Most early Khmer sculpture was created to be placed in or around temples. The Hindu and Buddhist sculpture here reflects the coexistence of the two religions in Cambodia. Buddhism was founded in the sixth century b.c. by the Indian prince Siddhartha of the Gautama clan, who renounced the material world in his search for a means to free human beings from Hinduism's endless cycle of reincarnation. Through study, asceticism, and meditation, he attained the blissful state of enlightenment and became known as the Buddha (enlightened one). The religion reached Cambodia early in the first millennium, and by the sixth century, sculptors were creating images of the Buddha as well as Bodhisattva, beings who had achieved enlightenment but refrained from entering nirvana in order to help others reach that blessed state. Although Buddhism was widespread, Hinduism was the religion espoused by most Khmer rulers until the late twelfth century.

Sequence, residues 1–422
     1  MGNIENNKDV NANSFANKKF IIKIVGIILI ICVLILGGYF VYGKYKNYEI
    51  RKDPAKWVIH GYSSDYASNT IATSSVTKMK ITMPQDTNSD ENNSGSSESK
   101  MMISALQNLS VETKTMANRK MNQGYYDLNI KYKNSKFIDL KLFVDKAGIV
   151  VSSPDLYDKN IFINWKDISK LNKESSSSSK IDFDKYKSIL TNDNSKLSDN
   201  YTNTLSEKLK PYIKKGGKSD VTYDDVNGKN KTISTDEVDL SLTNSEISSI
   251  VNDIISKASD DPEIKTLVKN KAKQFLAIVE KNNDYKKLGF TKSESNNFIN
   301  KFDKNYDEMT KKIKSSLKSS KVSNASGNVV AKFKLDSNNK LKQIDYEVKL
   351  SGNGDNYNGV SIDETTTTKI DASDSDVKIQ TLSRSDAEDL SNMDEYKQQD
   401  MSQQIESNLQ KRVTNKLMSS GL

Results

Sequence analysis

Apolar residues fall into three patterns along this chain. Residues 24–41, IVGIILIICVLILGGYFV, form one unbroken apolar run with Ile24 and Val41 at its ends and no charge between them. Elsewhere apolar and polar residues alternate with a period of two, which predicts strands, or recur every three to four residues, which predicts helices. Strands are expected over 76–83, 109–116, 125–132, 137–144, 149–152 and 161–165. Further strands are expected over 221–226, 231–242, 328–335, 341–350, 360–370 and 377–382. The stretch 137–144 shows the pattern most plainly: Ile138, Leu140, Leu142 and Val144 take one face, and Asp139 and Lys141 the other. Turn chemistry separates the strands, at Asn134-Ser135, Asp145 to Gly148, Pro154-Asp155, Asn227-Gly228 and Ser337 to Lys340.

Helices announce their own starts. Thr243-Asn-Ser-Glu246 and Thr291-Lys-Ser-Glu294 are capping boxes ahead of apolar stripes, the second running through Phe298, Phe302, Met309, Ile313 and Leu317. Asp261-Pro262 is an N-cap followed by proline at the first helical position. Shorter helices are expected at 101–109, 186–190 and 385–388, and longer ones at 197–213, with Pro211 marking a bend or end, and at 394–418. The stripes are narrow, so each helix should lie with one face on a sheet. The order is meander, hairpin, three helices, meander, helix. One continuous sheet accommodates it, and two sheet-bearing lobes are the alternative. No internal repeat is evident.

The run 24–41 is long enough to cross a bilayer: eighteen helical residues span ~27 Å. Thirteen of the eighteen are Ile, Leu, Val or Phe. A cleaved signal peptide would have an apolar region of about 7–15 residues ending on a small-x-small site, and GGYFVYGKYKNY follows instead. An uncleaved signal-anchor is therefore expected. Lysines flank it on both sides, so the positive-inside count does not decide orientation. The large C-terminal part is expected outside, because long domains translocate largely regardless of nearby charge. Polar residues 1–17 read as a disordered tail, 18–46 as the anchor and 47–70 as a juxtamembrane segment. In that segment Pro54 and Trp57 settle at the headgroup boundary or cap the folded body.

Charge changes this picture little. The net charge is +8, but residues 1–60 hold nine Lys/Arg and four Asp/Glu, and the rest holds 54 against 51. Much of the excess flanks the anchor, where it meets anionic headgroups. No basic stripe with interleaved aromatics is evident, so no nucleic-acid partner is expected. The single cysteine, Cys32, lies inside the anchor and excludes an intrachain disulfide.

The earliest works in this room, such as the stone images of Buddha, reflect the continued influence of Indian art in their soft modeling of the body and slightly hip-swayed posture. Later in the seventh century, a more distinctly Khmer style asserted itself, characterized by a more frontal, symmetrical stance, as in the Harihara; a gently smiling expression, as in the Bodhisattva Avalokitesvara; and, possibly, a tendency toward portraiture, as in the adjacent Devi, Consort of Shiva, whose features are so particularized that she may portray an actual queen in the guise of a goddess.
Copyright © 2008 National Gallery of Art, Washington, DC